Every so often, it’s time to create a whole new website for your nonprofit. As someone who has been designing websites for nearly thirty years, I’ve also had the “privilege” of leading website design projects here at NCN a couple times now. As you undertake such a project, you may feel the same excitement I’ve felt about the possibilities a fresh design and streamlined navigation can offer.
You may also be nervous that the website transition might cause your website to lose search engine rankings and website traffic. Many nonprofits – and businesses – see their rankings and traffic dip after a new site launch, and it can take a while to recover. A dip in traffic can mean fewer potential clients, donors, journalists, and other community members finding your nonprofit. So, how can your nonprofit avoid a site transition SEO hangover? Here are some tips that proved useful to us.
Step 1: Catalog and audit your current content
Before embarking on any website transition, conduct a comprehensive audit of your existing site. What content is evergreen and can be migrated as-is? What content will need some updating? And what content is no longer relevant and should be left behind after the transition?
As you think about those things, make sure you’re looking at your current site traffic. A page you may not feel is relevant anymore may be one of your most popular, leading you to reconsider whether to leave it behind or update it.
Step 2: Plan a slow phase-out of outdated content
In auditing your current content, you will likely identify several (maybe even many) pages that do not need to come along to your new website. One of the biggest mistakes many organizations make is to simply leave those pages behind when the switch is flipped on their new site, thus making dozens (or more) pages seem like they disappeared overnight. That often leads to lower rankings and decreased traffic.
If you can identify the content that you’ll be leaving behind far enough in advance, you can come up with a phased approach to removing a few of those pages each week over the course of several months. Sometimes the content from those pages is no longer needed, and that’s fine. If, however, it is content that was duplicative or where people searching for the page you are removing can find similar information on a page you will maintain, consider setting up “redirects.” A redirect automatically forwards people who click the link of the page you are removing to that other page.
Step 3: Create redirects, if applicable
Many times, when redesigning a site and its architecture, you will decide to change the naming convention for the URLs on your site. Maybe you are changing from yoursite.org/blog/title-of-page to yoursite.org/articles/title-of-page. If the link to a particular page is changing at all, you will want to set up redirects, called 301 redirects. That code 301 tells a web browser (or a search engine crawler) that a page has been relocated permanently and what its new address is. Pointing search engines to the new home for a page makes it easier for their database to update seamlessly, rather than thinking that the original page disappeared and having to discover the new one.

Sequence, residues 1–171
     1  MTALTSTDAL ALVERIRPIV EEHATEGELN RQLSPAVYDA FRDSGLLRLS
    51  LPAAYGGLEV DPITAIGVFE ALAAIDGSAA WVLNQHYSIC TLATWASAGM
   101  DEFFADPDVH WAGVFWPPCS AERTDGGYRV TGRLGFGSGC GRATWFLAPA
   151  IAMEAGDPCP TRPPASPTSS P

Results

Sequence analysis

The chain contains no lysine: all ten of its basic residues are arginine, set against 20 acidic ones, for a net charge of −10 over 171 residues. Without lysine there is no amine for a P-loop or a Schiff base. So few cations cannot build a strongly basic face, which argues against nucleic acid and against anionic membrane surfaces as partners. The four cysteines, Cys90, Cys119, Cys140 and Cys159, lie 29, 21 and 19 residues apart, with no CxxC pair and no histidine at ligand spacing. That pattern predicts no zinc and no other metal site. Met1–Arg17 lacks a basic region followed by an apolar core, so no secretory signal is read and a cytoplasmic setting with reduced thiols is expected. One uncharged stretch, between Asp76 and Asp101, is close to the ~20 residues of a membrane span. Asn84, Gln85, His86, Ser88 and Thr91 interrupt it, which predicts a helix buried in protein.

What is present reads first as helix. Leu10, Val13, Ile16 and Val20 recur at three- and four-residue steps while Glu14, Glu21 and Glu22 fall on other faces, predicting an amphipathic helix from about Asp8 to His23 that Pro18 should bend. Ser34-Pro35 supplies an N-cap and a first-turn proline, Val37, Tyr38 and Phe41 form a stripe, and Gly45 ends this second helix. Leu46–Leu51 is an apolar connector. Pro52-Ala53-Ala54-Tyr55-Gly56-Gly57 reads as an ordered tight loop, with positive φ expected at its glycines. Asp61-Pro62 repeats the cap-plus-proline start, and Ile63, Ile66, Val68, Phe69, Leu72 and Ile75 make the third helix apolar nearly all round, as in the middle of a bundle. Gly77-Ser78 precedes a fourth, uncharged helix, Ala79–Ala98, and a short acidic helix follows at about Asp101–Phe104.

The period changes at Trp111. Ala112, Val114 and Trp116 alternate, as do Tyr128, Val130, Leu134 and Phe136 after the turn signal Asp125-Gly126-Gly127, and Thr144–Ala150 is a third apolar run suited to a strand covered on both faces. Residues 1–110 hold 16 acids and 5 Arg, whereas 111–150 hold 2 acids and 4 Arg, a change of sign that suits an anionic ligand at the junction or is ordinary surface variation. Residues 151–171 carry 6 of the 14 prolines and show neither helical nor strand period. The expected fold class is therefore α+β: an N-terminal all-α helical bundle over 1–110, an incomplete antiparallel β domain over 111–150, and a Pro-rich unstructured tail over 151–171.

Step 4: Test, test, and test again
Before making the new website live, thoroughly test all functionality, including forms, navigation, and load times. PageSpeed Insights or GTmetrix can test your site’s load time performance, which is a key factor in search engine optimization, and point out items that can be improved or fixed. A slow or malfunctioning website can lead to people leaving your site faster and lower search engine rankings. It’s also good to ask people who are not part of your organization, such as friends or family members, to test out navigating the new site. Having them attempt to find certain content, or even click randomly around the site, can help surface issues that you may miss by knowing the content too well. Testing prior to launch allows for fixes and improvements before you go live, so your site visitors (and those search engine crawlers) can have a positive experience from day one.
Step 5: Go live! Then, test again
It’s launch day. Once you flip the switch on the new site, it’s time to repeat Step 4. Moving from your development environment to a live environment may surface different issues, such as links still pointing to the development site. Services like Dr. Link Check can help quickly identify those broken links so they can be fixed. Re-run those tests to be sure everything is performing as it should.
Ongoing: Utilize the tools provided by the search engines for regular monitoring
Utilize the tools in Google Search Console and Bing Webmaster Tools before, during, and after the transition. These tools provide insights into any crawl errors, indexing issues, and other technical glitches that might arise during the transition. Address these issues promptly to ensure your rankings and traffic stay steady – or grow!
A website transition is a big project, but with careful planning, it can be an opportunity to enhance your nonprofit’s online presence. You worked hard to build your site’s search engine reputation, and good planning can help you maintain it through the site transition process. Consistency, planning, a phased approach, and a focus on user experience are key to a successful website transition that will keep both search engines and your audience happy.
- While you’re in the planning process, don’t forget to focus on accessibility for visually-impaired visitors to your new website. See our article, “How One Life-Changing Moment Made Digital Accessibility My Inspired Mission,” for guidance.